La Pandera is a mountain first climbed in 2002, when Roberto Heras prevailed over Gilberto Simoni and Oscar Sevilla over the same route as today's. Alejandro Valverde also won here in 2003 after a phenomenal performance, beating great climbers like Heras and Colombia's Felix Cardenas. That was the second Grand Tour stage win for Valverde in his sporting career and indeed a nice memory.

The race lost two great riders who didn't take the start today: Paolo Bettini (Quick Step) and Danilo Di Luca (Liquigas). Both were protagonists in this Vuelta, winning one stage apiece (Bettini won stage 2 and Di Luca stage 5), but they decided to stop their ride to Madrid.

An early breakaway was formed at km 8 with seven riders: Nicki Sorensen (CSC), Benoit Poilvet (Credit Agricole), Raul Garcia de Mateo (Relax), Markel Irizar (Euskaltel), Pedro Horrillo (Rabobank), Pierre Drancourt (Bouygues Telecom) and Olivier Kaisen (Davitamon).

The leaders were able to keep their distance, and at the first intermediate sprint in Huelma (km 68.5), Poilvet led the race followed by Kaisen and Garcia de Mateo. At km 89, the gap between the breakaway and the bunch was 4'05. With the two big climbs in Villares and La Pandera at the end, the race went on and the peloton stayed calm.

The lead group continued to resist the chase by the second intermediate sprint (km 129) in los Villares, although their advantage began to drop. As the peloton started swallowing the members of the breakaway with less than 20 km to go, Nicki Sorensen kept his tempo and was soon alone, with the bunch a little more than a minute ahead.

However, with 14 km to go, the Dane was caught by Iban Mayo (Euskaltel) and Egoi Martinez (Discovery). The best riders weren't far behind when this duo attacked - 40 seconds was the difference at the summit of the penultimate climb at km 140.4, with 13 km left to race.

The favourites drove hard and soon caught Mayo, while Martinez became the solo leader with 7 km to go. Luis Perez (Cofidis) joined Martinez soon afterwards, and a little later on La Pandera with 6 km to go, Alexandre Vinokourov (Astana) found the precise moment to attack. Alejandro Valverde (Illes Balears) felt the blow and couldn't follow, as Vino then led the race and distanced himself from Valverde by 45 seconds four kilometres from the finish.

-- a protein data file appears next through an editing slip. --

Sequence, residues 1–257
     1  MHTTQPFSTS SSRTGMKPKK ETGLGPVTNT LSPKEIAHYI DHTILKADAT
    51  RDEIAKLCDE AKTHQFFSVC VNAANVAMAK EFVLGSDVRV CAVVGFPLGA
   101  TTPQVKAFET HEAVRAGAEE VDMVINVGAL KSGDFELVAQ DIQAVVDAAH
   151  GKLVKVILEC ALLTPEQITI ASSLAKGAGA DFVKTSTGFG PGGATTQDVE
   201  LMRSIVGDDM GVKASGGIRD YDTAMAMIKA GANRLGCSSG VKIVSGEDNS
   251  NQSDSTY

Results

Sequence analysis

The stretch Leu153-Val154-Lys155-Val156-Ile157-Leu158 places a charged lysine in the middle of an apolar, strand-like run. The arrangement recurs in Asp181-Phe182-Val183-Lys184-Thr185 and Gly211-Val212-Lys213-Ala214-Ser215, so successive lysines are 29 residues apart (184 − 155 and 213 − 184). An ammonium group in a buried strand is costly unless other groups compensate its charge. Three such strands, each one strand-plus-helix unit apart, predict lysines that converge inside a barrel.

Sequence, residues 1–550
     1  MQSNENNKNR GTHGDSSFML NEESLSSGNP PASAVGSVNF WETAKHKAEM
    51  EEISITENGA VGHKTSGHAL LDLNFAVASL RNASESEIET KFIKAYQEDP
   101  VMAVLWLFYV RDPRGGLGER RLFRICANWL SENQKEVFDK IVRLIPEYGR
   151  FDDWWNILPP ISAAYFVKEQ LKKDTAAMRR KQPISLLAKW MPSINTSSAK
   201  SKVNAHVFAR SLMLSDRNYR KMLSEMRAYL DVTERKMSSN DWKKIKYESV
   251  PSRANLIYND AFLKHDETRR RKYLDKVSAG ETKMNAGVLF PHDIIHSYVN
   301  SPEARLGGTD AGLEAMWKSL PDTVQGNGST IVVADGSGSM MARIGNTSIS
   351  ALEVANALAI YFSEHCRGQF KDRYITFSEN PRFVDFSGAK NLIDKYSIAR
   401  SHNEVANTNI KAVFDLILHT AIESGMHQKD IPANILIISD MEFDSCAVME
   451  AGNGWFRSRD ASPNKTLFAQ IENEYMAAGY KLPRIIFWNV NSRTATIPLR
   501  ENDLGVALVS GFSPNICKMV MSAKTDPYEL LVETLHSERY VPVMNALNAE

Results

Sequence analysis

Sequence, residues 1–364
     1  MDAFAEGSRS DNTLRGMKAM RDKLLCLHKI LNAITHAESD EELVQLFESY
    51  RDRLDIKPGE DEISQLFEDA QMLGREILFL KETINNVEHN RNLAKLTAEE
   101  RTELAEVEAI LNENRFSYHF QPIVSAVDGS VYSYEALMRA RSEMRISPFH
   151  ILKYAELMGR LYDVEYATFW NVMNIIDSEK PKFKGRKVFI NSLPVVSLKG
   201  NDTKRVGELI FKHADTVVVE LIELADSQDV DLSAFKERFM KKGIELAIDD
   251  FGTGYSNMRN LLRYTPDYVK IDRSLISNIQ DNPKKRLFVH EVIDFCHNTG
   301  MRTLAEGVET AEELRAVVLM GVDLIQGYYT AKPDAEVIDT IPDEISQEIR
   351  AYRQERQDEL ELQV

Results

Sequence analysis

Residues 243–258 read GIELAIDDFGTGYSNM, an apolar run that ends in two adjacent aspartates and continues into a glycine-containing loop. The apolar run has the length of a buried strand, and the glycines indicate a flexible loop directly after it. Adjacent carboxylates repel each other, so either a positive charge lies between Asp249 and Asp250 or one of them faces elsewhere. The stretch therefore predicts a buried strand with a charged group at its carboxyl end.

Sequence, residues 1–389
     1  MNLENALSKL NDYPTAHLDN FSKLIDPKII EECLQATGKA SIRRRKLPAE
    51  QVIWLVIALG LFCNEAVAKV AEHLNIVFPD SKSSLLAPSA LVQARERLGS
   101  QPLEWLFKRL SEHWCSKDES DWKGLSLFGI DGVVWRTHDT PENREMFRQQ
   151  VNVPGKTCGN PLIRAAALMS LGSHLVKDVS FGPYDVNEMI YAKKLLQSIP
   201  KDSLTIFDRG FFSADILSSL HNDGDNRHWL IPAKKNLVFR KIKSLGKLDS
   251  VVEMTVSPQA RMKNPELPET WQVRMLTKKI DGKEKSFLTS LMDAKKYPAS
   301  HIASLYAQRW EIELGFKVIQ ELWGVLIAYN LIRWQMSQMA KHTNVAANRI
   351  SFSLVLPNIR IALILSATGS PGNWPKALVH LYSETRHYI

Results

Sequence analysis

At this point, Andrey Kashechkin (Astana) wasn't too far behind his team leader, and the young Kazakhstani joined Vino with 3 km to go. Both riders helped each other and finished off a magnificent day for Astana by crossing the line together, with Vinokourov giving the win to Kashechkin.

Valverde never gave up but couldn't match the might of the Kazakhstani duo, losing 43 precious seconds by the finish, just behind third-placed Jose Gomez Marchante (Saunier Duval). On the podium, it became clear Vinokourov was already thinking of kissing the winner's trophy in Madrid.

Stage 19 - September 15: Jaen-Ciudad Real, 205.3 km

Tomorrow's stage is littered with small climbs along its undulating parcours. Three categorised climbs - Alto del Parque Natural de Andujar (Cat. 2 - 750 m. above sea level - km 75), Alto de Sierra Madrona (Cat. 3 - 960 m. - km 102.6) and Alto del Tamaral (Cat. 3 - 800 m. - km 117) - and two intermediate sprints - in Las Viñas de Peñallana (km 50) and Puertollano (km 161.2) - are the feature attractions along the 205.3 km route.

A very long stage for all the riders, although the favourites will be focused on having a quiet day in the office before the final time trial on Saturday. This leaves the chance for a breakaway to be in the spotlight.